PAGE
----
The Wisconsin Supreme Court was asked Thursday to decide whether the state’s 2006 ban on gay marriage was properly put to voters.
The case, having initially been dismissed by a county judge, was sent to the appeals court who side-stepped it. They said the case presents several new legal issues that should be decided by the state’s highest court.
“The validity of the marriage amendment is a matter of significant public interest with statewide implications,” the three-judge panel wrote.
William McConkey, a 66-year old who describes himself as a “Christian, straight, married," man with a gay daughter is a University of Wisconsin-Oshkosh political science instructor. He claims the referendum illegally put two issues to voters at the same time: whether to ban gay marriage and whether to outlaw civil unions.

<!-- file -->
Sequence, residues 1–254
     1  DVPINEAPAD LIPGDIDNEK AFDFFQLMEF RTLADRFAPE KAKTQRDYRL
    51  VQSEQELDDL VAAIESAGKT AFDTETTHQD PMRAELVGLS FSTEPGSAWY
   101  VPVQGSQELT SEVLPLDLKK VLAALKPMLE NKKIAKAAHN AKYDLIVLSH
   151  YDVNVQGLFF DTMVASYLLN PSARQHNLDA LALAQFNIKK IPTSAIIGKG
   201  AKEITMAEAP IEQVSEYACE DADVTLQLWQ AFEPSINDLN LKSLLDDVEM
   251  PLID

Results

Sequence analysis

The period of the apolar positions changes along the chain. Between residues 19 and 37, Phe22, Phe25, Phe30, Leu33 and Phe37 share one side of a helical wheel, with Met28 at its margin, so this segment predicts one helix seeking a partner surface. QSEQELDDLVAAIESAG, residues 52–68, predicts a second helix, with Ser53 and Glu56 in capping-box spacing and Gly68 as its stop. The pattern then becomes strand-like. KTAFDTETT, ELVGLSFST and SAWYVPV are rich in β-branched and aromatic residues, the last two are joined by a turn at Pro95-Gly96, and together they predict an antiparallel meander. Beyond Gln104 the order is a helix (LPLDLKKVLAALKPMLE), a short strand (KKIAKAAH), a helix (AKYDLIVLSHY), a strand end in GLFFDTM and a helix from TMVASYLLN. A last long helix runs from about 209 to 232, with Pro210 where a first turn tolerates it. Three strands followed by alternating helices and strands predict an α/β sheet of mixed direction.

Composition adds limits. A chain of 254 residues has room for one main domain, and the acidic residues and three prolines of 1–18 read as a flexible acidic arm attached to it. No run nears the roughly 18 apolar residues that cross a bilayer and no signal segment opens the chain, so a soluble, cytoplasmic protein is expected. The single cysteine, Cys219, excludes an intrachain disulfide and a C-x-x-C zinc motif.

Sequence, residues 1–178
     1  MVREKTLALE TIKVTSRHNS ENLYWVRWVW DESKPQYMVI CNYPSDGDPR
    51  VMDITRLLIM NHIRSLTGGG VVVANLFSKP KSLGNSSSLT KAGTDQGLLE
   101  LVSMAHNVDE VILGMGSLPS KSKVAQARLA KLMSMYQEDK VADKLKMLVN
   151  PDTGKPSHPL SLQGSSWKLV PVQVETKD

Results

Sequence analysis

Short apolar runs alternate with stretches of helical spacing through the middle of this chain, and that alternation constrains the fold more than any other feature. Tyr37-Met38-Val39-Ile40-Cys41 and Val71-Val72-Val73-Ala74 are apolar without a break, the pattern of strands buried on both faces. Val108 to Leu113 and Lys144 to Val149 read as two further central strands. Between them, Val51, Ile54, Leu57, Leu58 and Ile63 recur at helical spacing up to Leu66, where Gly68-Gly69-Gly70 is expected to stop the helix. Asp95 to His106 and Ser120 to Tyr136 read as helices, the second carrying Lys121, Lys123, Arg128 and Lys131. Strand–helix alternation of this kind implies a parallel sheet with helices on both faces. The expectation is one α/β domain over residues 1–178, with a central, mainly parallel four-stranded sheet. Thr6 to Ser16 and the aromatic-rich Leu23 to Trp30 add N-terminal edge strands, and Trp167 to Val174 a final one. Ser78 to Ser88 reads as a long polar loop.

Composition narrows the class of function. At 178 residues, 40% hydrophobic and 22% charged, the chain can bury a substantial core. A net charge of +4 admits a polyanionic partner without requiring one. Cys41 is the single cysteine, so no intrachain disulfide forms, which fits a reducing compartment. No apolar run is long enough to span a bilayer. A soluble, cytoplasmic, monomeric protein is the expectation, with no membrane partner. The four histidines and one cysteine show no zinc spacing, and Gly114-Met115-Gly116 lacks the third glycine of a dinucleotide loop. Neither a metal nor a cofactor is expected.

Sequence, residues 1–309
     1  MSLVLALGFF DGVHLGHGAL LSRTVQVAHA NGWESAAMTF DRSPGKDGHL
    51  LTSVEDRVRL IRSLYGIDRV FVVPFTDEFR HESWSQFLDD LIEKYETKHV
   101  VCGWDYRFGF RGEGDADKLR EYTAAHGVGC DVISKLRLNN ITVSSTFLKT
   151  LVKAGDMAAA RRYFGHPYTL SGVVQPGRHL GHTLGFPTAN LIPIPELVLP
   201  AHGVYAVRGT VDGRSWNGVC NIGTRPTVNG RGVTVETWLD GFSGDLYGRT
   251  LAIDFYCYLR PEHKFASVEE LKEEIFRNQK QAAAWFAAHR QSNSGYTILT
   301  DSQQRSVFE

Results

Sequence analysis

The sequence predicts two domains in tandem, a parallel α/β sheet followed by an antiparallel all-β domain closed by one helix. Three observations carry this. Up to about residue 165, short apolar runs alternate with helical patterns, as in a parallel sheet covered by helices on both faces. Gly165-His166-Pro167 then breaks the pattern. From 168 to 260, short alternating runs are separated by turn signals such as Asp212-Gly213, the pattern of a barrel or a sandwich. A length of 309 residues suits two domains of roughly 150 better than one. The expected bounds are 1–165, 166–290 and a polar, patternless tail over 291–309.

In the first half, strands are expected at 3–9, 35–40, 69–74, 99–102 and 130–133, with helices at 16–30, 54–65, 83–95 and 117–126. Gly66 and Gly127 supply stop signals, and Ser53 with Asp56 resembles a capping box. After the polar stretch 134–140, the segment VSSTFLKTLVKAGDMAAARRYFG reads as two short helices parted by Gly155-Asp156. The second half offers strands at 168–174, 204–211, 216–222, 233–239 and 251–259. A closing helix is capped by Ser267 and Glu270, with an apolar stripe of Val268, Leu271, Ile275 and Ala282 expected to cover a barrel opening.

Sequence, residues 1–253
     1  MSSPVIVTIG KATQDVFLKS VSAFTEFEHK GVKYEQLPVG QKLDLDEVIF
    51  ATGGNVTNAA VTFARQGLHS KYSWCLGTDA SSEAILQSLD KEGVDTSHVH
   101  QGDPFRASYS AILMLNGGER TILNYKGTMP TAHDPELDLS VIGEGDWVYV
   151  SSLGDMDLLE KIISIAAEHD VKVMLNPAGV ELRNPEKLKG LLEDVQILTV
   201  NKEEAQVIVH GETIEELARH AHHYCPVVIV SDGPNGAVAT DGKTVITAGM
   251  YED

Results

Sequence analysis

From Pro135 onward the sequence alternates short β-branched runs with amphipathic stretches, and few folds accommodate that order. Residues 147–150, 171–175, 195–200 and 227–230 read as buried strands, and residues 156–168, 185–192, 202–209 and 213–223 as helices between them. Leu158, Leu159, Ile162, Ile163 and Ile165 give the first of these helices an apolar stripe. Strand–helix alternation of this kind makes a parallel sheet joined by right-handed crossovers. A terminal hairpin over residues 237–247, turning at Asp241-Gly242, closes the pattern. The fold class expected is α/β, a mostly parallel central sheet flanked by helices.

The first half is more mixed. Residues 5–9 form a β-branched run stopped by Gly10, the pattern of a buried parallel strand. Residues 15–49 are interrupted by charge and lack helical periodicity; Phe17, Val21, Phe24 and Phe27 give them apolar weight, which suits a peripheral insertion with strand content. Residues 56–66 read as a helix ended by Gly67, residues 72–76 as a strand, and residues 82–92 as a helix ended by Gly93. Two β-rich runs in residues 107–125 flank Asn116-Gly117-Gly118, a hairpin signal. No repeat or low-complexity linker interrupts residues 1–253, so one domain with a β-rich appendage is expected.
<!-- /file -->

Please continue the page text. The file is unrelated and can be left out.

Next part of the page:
Either way, nearly 60 percent of voters approved.
More work would need to be done to legalize same-sex marriage in Wisconsin even if a ruling struck down the Wisconsin amendment because state law still defines marriage as a union between husband and wife. However, it could pave the way for lawmakers to eventually allow it or advocates to file additional lawsuits seeking that right.
Democratic Gov. Jim Doyle has a plan being considered by the legislature that would create a domestic partnership giving same-sex couples 43 benefits granted to married couples in an attempt to undermine the amendment.
Conversation with Johnny Diaz: Two Cubans Talking
19 minutes ago